Verifying  : redhat-logos-60.0.14-12.el6.centos.noarch               5/7 
  Verifying  : mailcap-2.1.31-2.el6.noarch                             6/7 
  Verifying  : apr-util-1.3.9-3.el6_0.1.x86_64                         7/7 

  httpd.x86_64 0:2.2.15-39.el6.centos                                           

Dependency Installed:
  apr.x86_64 0:1.3.9-5.el6_2                                                    
  apr-util.x86_64 0:1.3.9-3.el6_0.1                                             
  apr-util-ldap.x86_64 0:1.3.9-3.el6_0.1                                        
  httpd-tools.x86_64 0:2.2.15-39.el6.centos                                     
  mailcap.noarch 0:2.1.31-2.el6                                                 
  redhat-logos.noarch 0:60.0.14-12.el6.centos                                   

 ---> 358657a2b6b0
Removing intermediate container ec382fdf21bb
Successfully built 358657a2b6b0

# docker images

<none>            <none>    358657a2b6b0     3 minutes ago    274.8 MB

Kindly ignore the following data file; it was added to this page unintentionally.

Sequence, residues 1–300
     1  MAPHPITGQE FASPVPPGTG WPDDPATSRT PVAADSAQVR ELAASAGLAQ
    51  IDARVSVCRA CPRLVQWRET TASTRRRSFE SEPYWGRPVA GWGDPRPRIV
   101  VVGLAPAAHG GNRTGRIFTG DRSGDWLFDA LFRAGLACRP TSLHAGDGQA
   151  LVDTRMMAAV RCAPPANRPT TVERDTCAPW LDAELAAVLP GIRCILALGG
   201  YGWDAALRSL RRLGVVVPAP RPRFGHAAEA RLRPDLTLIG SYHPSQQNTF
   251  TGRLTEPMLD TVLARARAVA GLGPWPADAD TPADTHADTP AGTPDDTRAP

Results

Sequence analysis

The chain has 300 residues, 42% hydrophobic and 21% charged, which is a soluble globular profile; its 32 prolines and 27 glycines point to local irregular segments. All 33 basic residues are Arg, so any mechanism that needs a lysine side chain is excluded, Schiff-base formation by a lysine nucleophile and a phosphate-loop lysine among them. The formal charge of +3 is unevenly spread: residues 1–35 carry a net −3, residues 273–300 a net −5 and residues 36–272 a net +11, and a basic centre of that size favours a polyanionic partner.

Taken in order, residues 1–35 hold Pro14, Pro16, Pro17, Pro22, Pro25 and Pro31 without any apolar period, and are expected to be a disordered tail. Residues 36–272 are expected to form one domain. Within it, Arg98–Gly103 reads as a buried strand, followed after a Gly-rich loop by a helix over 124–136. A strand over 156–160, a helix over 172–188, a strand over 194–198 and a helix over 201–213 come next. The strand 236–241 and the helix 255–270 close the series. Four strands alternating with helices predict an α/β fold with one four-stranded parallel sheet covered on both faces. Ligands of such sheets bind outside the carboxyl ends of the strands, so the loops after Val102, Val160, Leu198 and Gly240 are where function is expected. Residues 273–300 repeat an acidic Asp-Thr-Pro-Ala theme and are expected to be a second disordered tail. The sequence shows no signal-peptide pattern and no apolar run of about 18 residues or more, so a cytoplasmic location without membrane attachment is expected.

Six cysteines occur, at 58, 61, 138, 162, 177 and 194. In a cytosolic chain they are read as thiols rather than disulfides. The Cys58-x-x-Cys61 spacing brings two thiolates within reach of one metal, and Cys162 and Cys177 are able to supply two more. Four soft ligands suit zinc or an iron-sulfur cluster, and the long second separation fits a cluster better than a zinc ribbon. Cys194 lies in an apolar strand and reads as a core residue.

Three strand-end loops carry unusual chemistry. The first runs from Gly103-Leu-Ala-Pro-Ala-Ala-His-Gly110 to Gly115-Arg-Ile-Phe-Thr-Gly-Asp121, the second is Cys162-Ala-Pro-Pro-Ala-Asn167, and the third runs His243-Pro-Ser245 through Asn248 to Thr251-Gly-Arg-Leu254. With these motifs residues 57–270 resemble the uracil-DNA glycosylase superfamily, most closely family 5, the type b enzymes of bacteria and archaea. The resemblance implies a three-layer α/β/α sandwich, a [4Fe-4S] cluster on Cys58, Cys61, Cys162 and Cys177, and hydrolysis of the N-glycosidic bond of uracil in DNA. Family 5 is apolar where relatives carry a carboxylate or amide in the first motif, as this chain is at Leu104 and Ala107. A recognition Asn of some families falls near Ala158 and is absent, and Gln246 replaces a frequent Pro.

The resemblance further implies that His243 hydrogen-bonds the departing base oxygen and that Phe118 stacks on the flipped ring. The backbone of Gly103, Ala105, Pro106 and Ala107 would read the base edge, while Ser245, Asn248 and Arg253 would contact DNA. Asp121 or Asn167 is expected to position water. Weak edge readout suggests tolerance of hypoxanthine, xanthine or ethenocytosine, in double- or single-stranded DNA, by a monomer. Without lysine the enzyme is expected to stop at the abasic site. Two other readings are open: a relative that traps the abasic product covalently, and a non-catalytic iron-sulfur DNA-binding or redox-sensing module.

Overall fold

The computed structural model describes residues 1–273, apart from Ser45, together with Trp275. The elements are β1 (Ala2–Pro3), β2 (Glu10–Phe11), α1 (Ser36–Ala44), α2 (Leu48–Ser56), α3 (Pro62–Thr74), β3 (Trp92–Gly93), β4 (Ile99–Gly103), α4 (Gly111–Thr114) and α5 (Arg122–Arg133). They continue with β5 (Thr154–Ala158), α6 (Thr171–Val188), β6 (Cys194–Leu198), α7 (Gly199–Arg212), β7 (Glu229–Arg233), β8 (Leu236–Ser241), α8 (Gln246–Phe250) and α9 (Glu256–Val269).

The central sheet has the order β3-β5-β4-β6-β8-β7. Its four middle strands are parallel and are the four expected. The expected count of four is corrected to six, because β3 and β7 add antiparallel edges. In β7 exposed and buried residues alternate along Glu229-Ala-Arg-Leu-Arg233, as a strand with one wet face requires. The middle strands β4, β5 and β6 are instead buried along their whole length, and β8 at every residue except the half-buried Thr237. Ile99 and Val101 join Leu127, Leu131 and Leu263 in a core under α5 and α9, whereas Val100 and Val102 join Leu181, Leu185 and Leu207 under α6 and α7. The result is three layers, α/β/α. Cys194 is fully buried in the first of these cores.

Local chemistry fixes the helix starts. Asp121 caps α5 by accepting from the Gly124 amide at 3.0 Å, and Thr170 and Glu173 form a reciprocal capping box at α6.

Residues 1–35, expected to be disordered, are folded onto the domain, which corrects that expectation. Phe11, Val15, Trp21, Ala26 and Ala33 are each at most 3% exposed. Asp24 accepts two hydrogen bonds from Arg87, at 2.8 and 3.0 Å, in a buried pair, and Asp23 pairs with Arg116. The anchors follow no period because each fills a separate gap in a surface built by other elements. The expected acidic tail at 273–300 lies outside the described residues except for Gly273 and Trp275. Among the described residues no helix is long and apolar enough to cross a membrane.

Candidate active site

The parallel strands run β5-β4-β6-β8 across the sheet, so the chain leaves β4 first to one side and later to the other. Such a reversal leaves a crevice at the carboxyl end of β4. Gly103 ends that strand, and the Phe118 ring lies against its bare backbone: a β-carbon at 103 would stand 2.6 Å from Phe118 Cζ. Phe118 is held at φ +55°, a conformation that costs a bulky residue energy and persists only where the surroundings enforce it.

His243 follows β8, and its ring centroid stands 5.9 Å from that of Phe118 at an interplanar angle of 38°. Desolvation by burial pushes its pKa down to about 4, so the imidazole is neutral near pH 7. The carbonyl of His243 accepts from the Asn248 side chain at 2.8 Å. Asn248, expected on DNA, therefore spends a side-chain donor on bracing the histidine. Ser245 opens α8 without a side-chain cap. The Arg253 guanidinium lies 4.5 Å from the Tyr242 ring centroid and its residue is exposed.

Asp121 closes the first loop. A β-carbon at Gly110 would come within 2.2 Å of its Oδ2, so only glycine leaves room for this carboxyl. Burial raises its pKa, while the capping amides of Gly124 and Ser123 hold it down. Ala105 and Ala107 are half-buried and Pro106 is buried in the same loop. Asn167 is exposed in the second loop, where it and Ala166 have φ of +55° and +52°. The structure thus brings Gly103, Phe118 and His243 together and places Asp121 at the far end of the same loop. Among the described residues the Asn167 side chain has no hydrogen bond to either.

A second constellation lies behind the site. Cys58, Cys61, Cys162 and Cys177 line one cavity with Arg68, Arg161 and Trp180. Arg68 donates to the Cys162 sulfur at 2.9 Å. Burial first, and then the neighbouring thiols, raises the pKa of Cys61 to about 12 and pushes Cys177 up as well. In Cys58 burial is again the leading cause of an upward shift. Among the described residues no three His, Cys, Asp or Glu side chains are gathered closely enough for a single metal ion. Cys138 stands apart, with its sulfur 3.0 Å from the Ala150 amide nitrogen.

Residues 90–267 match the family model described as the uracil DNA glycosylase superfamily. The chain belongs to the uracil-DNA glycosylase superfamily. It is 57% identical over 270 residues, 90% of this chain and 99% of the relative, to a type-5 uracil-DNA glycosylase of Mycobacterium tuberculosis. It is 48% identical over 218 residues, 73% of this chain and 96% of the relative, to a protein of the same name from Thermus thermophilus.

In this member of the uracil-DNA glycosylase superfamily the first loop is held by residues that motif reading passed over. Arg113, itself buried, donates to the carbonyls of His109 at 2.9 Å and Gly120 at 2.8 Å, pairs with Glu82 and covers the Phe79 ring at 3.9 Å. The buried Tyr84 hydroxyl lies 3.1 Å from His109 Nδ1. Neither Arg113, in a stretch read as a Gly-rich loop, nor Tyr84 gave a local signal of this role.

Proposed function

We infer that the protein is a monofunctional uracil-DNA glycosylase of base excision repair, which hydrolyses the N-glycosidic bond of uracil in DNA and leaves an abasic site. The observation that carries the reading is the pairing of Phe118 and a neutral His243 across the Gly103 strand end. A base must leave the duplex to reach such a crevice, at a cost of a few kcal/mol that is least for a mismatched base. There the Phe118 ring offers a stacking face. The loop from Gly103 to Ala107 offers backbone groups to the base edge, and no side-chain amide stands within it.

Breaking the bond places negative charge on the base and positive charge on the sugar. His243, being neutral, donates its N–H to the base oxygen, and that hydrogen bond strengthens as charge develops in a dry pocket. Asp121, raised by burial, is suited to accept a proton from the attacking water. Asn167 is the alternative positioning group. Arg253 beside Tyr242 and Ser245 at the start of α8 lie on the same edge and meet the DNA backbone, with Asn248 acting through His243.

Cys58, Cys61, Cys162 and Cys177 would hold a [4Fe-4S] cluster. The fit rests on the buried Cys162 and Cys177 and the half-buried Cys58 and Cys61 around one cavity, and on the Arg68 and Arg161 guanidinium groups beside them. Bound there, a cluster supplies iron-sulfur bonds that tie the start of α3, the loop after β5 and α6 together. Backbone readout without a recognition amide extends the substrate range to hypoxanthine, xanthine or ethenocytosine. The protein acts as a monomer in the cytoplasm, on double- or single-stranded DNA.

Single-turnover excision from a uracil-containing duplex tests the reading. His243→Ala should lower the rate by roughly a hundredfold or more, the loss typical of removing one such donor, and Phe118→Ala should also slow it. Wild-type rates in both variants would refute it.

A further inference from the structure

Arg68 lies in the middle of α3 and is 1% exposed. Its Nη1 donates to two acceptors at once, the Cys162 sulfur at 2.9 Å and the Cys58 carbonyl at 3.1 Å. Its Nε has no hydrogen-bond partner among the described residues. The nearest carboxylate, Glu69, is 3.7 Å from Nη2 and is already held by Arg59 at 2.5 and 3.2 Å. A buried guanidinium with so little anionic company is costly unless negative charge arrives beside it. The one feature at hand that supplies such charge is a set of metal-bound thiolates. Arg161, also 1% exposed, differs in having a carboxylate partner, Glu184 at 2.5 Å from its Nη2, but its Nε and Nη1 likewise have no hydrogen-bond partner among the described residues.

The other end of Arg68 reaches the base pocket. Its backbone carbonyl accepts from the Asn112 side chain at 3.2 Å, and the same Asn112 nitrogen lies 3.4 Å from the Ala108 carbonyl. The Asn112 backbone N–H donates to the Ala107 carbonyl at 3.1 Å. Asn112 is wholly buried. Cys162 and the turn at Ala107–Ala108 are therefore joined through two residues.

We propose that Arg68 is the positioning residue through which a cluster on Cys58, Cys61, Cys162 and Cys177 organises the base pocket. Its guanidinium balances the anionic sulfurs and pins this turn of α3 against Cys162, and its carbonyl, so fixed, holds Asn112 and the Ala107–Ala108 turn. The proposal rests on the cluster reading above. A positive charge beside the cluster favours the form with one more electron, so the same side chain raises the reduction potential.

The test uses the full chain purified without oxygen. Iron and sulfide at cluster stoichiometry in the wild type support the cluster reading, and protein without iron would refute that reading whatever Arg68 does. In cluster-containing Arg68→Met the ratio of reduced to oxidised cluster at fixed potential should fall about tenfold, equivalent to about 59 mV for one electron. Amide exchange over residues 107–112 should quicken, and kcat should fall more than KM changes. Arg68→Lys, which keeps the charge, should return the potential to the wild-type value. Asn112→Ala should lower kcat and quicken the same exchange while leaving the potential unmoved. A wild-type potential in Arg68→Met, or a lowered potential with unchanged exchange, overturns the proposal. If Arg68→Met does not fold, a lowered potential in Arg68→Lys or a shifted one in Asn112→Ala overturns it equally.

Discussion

centos            6         a005304e4e74     12 days ago      203.1 MB
fedora            latest    ded7cd95e059     4 weeks ago      186.5 MB
hello-world       latest    91c95931e552     10 weeks ago     910 B

So we can verify that a new CentOS 6 image has been downloaded and based on it a new image has been created (without name nor tag, just an ID) containing httpd installed with its dependencies. Check it by instantiating a container based on that image and launching httpd in it:

# docker run -ti 358657a2b6b0 /bin/bash

[root@babbfd33b239 /]# httpd

httpd: Could not reliably determine the server's fully qualified domain name, using for ServerName

Note : The above message is just a warning, as an evidence, you can see the processes running with the next command.

[root@babbfd33b239 /]# ps auxww |grep htt

root        14  0.0  0.0 175336  6360 ?        Ss   14:36   0:00 httpd
apache      15  0.0  0.0 175336  3824 ?        S    14:36   0:00 httpd
apache      16  0.0  0.0 175336  3824 ?        S    14:36   0:00 httpd
apache      17  0.0  0.0 175336  3824 ?        S    14:36   0:00 httpd
apache      18  0.0  0.0 175336  3824 ?        S    14:36   0:00 httpd
apache      19  0.0  0.0 175336  3824 ?        S    14:36   0:00 httpd
apache      20  0.0  0.0 175336  3824 ?        S    14:36   0:00 httpd
apache      21  0.0  0.0 175336  3824 ?        S    14:36   0:00 httpd